Abuse of Anabolic Steroids May Impair Insulin Resistance For Years After Discontinuation

MedicalResearch.com Interview with:
Jon Rasmussen, MD, PhD fellow
Department of Internal Medicine
Herlev Hospital, Denmark

MedicalResearch.com: What is the background for this study?

Response: Abuse of anabolic androgenic steroids has become highly prevalent among young men involved in recreational strength training. A recent meta-analysis estimated that approximately 18% of young men involved recreational strength training abuse anabolic steroids.

Well-known adverse effects following abuse of anabolic steroids include hypogonadism (For those who have interest, we have recently published a paper concerning this issue, it can be read and downloaded at: http://journals.plos.org/plosone/article?id=10.1371/journal.pone.0161208).

Yet, we have a poor understanding on the adverse effects these compounds might have on the metabolism and insulin sensitivity.

Continue reading

Rates of Gestational Diabetes Higher in Summer

MedicalResearch.com Interview with:
Anastasia Katsarou PhD
LUND University

MedicalResearch.com: What is the background for this study? What are the main findings?

Response: The study is using data from the Mamma study which screened pregnant women during 2003-2005. During this period, we gathered results from the oral glucose tolerance tests that the women underwent at the 28th week of pregnancy. We used data on the 2hour blood glucose levels from these tests and the frequency of women who were diagnosed with gestational diabetes and grouped them into months and seasons. We gathered also data on the mean monthly temperatures from the Swedish Meteorological and Hydrological Institute.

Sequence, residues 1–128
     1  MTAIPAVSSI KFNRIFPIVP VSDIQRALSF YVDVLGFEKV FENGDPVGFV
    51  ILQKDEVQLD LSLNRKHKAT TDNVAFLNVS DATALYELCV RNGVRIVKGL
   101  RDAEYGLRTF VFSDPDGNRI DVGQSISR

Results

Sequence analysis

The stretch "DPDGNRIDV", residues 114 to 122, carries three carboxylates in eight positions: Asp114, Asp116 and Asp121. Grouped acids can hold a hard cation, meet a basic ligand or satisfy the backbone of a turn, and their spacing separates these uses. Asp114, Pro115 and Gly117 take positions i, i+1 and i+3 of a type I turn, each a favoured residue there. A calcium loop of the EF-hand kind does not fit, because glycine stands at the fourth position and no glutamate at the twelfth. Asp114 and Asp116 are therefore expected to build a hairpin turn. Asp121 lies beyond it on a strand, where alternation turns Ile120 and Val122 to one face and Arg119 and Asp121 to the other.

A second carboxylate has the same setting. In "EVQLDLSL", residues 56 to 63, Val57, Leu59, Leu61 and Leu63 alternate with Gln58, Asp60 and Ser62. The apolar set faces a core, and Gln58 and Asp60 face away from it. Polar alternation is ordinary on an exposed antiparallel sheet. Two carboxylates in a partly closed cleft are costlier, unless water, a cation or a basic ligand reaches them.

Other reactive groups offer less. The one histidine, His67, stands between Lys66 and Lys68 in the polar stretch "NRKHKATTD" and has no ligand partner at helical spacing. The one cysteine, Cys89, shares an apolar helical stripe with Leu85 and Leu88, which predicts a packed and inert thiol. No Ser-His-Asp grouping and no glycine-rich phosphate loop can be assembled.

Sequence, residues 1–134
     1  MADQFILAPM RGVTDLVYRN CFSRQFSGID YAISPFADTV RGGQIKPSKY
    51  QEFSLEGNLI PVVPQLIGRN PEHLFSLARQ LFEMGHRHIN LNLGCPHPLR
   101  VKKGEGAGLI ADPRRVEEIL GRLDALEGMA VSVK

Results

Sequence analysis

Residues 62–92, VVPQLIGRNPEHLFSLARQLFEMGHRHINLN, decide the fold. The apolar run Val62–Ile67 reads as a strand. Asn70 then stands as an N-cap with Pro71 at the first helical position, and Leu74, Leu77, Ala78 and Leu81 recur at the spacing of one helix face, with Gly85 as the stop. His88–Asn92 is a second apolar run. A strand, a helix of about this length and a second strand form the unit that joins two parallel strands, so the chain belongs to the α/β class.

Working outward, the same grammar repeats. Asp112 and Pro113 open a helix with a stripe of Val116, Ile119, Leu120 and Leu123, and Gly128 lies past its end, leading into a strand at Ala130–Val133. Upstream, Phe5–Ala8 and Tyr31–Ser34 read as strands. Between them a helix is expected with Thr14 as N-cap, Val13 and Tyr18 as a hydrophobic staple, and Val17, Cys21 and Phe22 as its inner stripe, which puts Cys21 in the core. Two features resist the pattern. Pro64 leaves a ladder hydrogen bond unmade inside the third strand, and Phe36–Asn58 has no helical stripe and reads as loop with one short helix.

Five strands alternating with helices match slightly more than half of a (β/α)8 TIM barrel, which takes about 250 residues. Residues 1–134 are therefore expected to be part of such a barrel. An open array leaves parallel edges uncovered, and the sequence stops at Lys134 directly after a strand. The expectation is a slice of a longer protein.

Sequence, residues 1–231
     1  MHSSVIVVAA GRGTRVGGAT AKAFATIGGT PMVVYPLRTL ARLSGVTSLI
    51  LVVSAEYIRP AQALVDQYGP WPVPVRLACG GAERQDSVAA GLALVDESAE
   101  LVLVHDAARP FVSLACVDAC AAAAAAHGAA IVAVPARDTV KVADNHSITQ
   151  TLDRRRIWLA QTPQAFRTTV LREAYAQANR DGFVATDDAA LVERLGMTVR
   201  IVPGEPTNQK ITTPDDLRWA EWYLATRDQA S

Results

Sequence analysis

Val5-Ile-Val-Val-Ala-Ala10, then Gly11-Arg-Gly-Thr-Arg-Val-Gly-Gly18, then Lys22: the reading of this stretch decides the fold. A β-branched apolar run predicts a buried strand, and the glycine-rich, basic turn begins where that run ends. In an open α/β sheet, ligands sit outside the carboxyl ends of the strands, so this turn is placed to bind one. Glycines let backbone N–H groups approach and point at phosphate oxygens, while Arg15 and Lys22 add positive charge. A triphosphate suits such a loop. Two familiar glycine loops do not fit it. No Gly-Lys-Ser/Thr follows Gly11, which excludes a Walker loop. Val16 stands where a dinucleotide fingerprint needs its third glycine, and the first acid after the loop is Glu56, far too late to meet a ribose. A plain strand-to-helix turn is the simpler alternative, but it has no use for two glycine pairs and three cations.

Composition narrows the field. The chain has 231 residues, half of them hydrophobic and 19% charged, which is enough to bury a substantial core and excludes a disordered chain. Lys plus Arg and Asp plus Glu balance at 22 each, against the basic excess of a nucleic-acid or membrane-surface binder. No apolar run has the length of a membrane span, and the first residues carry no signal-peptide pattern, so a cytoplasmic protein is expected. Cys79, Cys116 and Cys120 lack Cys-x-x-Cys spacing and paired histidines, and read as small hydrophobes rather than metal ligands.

We observed that the 2hour glucose levels and the frequency of women diagnosed with gestational diabetes were statistically significantly higher during the summer months.

Continue reading

Socio-Economic Factors Influence Genetic Tendency Toward Obesity

MedicalResearch.com Interview with:

Professor Timothy Frayling PhD Professor of Human Genetics University of Exeter Medical School Exeter, UK

Prof. Timothy Frayling

Professor Timothy Frayling PhD
Professor of Human Genetics
University of Exeter Medical School
Exeter, UK

MedicalResearch.com: What is the background for this study? What are the main findings?

Response: We know that genes and environmental factors influence our Body mass index. We know less about if and how they interact.

We wanted to answer the question of whether or not aspects of the environment and our lifestyles accentuate any genetic predisposition to obesity. The question is important as it may highlight aspects of the environment that cause some people to be particularly susceptible to gaining weight. Previous, separate, studies have suggested that specific aspects of the environment are to blame. These included sugary drinks, fried food and TV watching.

Continue reading

Can Vitamin D Reduce Insulin Resistance in Muscles of Type 2 Diabetics?

Elisa Benetti, PhD

Elisa Benetti, PhD